Has the United States learned any lesson from the Iraq war?


As the Ukraine war is continuing giving birth to speculations of this war ultimately getting expanded on to Russia and some other East European nations, war analysts and historians are asking if the United States learned any lesson from the Iraq war, which has already turned a peaceful Iraq into land of terror and destruction, while it has turned majority of Iraqis into America haters.

The New York Times, quoting sources said, leaked Pentagon papers showed in early April 2023 that the US is allegedly following the inner workings of Russia’s intelligence operations and is also spying on Ukraine, adding a new dimension to the United States’ involvement in the Ukraine war. Although the US has not yet officially declared war against Russia, the documents show that it continues to support Ukraine with military intelligence as well as cash and weapons against Russia, not only with the goal of driving-away Russian forces from Ukraine – including Crimea, it also has an ultimate plan of expanding the war onto Russian territory, thus unseating Vladimir Putin and placing a Washington loyalist regime in Moscow.

Although Ukrainian authorities, including President Volodymyr Zelensky and a large number of key figures in the Biden administration are repeatedly claiming of “gradual victory” against Russia, in reality there is no end in sight to the war between Ukraine and Russia – nor there is any sign of the United States either getting rid of this war or somehow withdrawing its involvement from it. According to scholars of international relations and experts on international conflict, a comparison with the Iraq War offers a useful way to look at the case of Ukraine.

The Iraq and Ukraine wars have notable differences from a US foreign policy perspective – chiefly, thousands of American soldiers died fighting in Iraq, while the US does not have any ground troops in Ukraine. But assessing the Iraq War, and its long aftermath, can still help articulate concerns about the United States’ getting involved in intense violence in another faraway place.

Stating, “Intervention doesn’t guarantee success”, scholar said: “Around the time former President George W. Bush announced the US would invade Iraq in 2003, Osama bin Laden, the wealthy Saudi Arabian Islamist who orchestrated the September 11, 2001, attacks, had remained at large. While not obviously connected, the fact that bin Laden continued to evade the US contributed to a general sense of anger at hostile regimes. In particular, Saddam Hussein defied the US and its allies.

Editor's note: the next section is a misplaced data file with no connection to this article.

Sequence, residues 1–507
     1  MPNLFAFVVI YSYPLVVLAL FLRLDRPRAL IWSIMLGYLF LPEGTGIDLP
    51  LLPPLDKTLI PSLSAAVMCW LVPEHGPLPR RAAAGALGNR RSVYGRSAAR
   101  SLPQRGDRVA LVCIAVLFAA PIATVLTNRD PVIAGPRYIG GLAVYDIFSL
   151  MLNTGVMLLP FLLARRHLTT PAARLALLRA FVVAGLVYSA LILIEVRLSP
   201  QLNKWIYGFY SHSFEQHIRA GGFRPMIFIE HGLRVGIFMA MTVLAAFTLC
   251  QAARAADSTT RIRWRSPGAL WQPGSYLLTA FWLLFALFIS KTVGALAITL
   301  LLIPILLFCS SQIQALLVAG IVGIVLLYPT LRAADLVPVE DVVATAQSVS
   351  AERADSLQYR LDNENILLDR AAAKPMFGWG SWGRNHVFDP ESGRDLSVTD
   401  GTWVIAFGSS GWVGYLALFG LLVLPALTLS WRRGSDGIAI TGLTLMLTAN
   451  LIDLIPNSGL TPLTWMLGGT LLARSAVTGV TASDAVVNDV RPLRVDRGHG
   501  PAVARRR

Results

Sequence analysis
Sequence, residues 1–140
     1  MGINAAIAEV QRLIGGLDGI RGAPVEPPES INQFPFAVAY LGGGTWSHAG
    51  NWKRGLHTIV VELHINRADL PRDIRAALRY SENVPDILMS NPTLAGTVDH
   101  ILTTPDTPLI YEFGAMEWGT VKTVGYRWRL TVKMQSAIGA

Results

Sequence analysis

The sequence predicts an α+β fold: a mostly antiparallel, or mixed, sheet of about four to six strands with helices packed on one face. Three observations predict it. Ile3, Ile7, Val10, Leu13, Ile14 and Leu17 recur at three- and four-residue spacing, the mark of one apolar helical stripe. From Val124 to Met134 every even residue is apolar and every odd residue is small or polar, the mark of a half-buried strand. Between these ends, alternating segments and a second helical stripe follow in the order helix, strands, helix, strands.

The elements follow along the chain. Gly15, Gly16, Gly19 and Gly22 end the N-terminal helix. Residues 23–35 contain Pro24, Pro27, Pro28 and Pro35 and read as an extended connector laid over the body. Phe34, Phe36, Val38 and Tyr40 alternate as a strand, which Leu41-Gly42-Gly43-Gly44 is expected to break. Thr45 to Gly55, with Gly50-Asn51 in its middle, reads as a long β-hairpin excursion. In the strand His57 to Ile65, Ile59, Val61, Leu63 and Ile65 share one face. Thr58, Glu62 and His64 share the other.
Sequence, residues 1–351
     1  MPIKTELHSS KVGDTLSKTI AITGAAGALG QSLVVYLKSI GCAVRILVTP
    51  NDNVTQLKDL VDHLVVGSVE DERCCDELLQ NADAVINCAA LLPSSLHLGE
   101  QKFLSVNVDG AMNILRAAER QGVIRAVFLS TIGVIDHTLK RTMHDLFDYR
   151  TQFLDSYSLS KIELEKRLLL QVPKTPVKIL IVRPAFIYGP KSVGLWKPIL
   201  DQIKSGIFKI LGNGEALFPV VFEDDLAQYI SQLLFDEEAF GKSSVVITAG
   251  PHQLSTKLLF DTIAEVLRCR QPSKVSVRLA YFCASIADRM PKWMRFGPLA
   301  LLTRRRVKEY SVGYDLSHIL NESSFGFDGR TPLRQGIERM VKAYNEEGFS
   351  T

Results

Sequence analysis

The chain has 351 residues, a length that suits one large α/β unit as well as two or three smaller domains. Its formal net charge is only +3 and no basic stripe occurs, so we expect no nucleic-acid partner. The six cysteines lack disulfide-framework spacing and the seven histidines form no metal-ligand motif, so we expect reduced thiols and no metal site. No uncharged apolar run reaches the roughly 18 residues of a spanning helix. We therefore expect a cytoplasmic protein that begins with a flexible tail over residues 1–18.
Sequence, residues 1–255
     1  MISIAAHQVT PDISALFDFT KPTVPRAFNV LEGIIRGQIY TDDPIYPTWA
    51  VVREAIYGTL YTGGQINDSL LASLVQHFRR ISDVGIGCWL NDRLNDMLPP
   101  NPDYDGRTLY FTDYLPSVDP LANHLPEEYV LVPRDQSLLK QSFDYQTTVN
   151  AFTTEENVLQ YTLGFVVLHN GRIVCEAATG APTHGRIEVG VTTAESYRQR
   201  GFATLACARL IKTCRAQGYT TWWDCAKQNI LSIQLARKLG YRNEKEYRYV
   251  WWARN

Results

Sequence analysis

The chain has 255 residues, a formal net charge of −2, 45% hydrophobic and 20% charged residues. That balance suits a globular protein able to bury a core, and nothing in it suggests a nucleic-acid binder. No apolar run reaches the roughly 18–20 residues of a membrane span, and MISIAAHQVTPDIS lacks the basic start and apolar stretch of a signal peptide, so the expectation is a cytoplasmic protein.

A US-led coalition of countries that included the United Kingdom and Australia invaded Iraq in March 2003. The “coalition of the willing,” as it became known, won a quick victory and toppled Saddam’s regime.

Bush initially enjoyed a spike in public support immediately after the invasion, but his polls shortly after experienced a downward trajectory as the war dragged on.

However, the US showed very little understanding of the politics, society and other important aspects of the country that it had taken the lead in occupying and then trying to rebuild.

Many decisions, most notably disbanding of the Iraqi Army in May 2003, revealed poor judgment and even outright ignorance because, with the sudden removal of Iraqi security forces, intense civil disorder ensued.

Disbanding the army caused insurgent militant forces to come out into the open. The fighting intensified among different Iraqi groups and escalated into a civil war, which ended in 2017.

Today, Iraq continues to be politically unstable and is not any closer to becoming a democracy than it was before the Western invasion.

The Iraq War resulted in a rise in intense partisanship in the US over foreign policy. In addition, recent opinion polls about the Iraq War show that most Americans do not think that the invasion made the US any safer, which is actually true.

Now, the US faces rising public skepticism about getting involved in the Ukraine war, another expensive overseas commitment.

Polls released in January 2023 show that the percentage of Americans who think the US is providing too much aid to Ukraine has grown in recent months.

According to Pew Research Group about 26 percent of American adults said in late 2022 that the US is giving too much to the Ukraine war, according to Pew Research Group.

The average American knows little to nothing about Iraq or Ukraine. Patience obviously can grow thin when US support for foreign wars becomes ever more expensive and the threat of retaliation, even by way of tactical nuclear weapons, remains in the realm of possibility. Aid to Ukraine is likely to become embroiled in the rapidly escalating conflict in Washington over the debt ceiling.

Before invading Iraq, the Bush administration had portrayed Iraqi leader Saddam Hussain as a threat to the national security of the United States, Biden administration is trying to play a similar card to justify its involvement in the Ukraine war. What they do not say is – if the war is further prolonged, Ukrainians may start getting frustrated and at some stage angry with the Westerners. That will possibly be the beginning of emergence of anti-West activities in Ukraine and may result in the birth of newer terrorist entities under the garb of neo-Nazis.

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